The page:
By Tia Will
I believe the new administration in Washington embodies a rejection of science that is different in both nature and magnitude than any we have seen in my lifetime. I believe that although this threat is not garnering as much attention as jobs, immigration, foreign relations, and law enforcement policy, it is at least as important to the well-being of our nation. The threat is presenting itself on at least three major fronts: the EPA, Health and Human Services, and the Department of Education. To avoid the specter of “false news”, I am going to use quotes from the new heads of these departments and/or their supporters as much as possible to illustrate my points and will separate out clearly what is solely my opinion.
Starting with the EPA. Scott Pruitt the former Oklahoma Attorney General who has brought many suits against the EPA has been quoted saying:
1. “Scientists continue to disagree about the degree and extent of global warming and its connection to the actions of mankind. That debate should be encouraged—in classrooms, public forums, and the halls of Congress. It should not be silenced with threats of prosecution. Dissent is not a crime.”
My opinion: This statement while accurate as stated fails to acknowledge that there is not equal “debate” about the connection of climate change to the actions of humans. A large majority of actual climate scientists agree that climate change is real. As opposed to those paid by traditional energy companies and their supporters to spread doubt and confusion, much as cigarette makers did a generation ago regarding the health hazards of smoking. Global warming is a real hazard to the health and well-being of humans and other species. Human activity, while perhaps not the only source of climate change, is the major source and our activity is the only venue through which we can make a difference.
2. Pruitt, the new head of the EPA and who as Attorney General of Oklahoma had sued the agency, has questioned the right of the EPA to enforce clean air standards under the Clean Air Act (see: https://thinkprogress.org/scott-pruitt-wall-street-journal-clean-power-plan-epa-a2b622)
My opinion: As an attorney general, he certainly knew or should have known that this is settled law since 2007 when the Supreme Court ruled in Massachusetts vs. EPA that the EPA does, in fact, possess the authority under the Clean Air Act to regulate greenhouse gases as air pollutants. It would seem to me that our new head of the EPA has decided that, under the guise of uncertainty, it is his role to obstruct established law regarding appropriate federal standards and their enforcement.
3. “I’m dedicated to working with stakeholders – industry, farmers, ranchers, business owners – on traditional values of environmental stewardship. Quote from tweet of 2/17/17.
My opinion: Noticeably absent from his list of stakeholders are environmentalists, Native Americans, hikers, backpackers, hunters, fisherman, nature photographers, and other groups who may place a higher value on the rights to maintain and enjoy a more pristine environment than that valued primarily by the economically-based groups specifically named by Mr. Pruitt.
On to the Department of Education with Ms. Betsy DeVos as the new Secretary. Ms. DeVos, married to the billionaire heir of the Amway Company is a questionable choice on several levels.
1. Her failure to separate the functions of church and state. She has been an outspoken opponent of public education although she has no experience with this sector of our educational system. http://www.motherjones.com/politics/2017/01/betsy-devos-christian-schools-vouchers-charter-education-secretary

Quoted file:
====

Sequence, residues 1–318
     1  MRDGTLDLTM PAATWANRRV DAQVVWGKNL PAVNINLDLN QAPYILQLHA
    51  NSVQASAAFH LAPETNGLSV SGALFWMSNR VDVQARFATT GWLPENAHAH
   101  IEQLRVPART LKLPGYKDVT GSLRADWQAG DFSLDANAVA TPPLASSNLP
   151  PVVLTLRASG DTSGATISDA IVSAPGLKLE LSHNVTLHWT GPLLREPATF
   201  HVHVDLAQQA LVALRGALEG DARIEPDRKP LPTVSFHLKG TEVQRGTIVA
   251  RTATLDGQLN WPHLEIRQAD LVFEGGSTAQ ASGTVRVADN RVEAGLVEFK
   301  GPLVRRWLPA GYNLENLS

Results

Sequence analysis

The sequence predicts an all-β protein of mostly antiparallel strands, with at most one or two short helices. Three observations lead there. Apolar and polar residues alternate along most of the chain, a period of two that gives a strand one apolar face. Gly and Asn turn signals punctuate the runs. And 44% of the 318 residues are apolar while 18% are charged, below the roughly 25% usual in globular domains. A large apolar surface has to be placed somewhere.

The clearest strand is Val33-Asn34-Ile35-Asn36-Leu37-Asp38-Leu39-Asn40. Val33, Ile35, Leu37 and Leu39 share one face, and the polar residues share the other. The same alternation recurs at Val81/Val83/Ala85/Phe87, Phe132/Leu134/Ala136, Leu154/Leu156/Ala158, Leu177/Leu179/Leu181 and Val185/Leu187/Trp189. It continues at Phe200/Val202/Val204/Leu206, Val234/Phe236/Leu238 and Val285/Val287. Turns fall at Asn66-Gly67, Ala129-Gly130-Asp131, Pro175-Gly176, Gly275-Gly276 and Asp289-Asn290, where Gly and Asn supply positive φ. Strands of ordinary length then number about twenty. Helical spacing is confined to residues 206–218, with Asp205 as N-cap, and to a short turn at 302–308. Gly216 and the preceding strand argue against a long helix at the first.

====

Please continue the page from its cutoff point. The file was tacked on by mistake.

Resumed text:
2. Her family backing of religious (Christian) educational institutions over public schools. The DeVos family has had long support of vouchersfor private, religious schools; conservative Christian groups like the Foundation for Traditional Values, which has pushed to soften the separation of church and state; and organizations like Michigan’s Mackinac Center for Public Policy, which has championed the privatization of the education system. Also in the Mother Jones article cited above.
My opinion : This might not be a disqualifier had she not come out and said publically :It is time “for our family investment to pay off” in reference to millions of dollars donated to conservative Republicans and Christian groups over many years.
3. In her own words: in a2001 interview for The Gathering, a group focused on advancing Christian faith through philanthropy, she and her husband stated their views. Asked whether Christian schools should continue to rely on giving – rather than pushing for taxpayer money through vouchers – Ms. DeVos replied: “There are not enough philanthropic dollars in America to fund what is currently the need in education…Our desire is to confront the culture in ways that will continue to advance God’s kingdom.”
My opinion : DeVos clearly wants to use taxpayer money to fund her vision of religious education throughout America and to me this should have, but has not, disqualified her from her current position. It is clear from her upbringing as outlined in the Mother Jones article and her own words that she does not appreciate that there are many Americans who do not share her vision of “God’s kingdom” and do not want to see our public school system destroyed to support her vision thereof.
Finally Health and Human Services under Dr. Tom Price.
Although I also opposed Dr. Price’s nomination on the basis of his opposition to the ACA and my personal preference for a single party payer system with universal provision of health care as well as the questionably ethical nature of some of his investments in medically related companies, I will focus on his anti-science , anti-evidence based tendencies.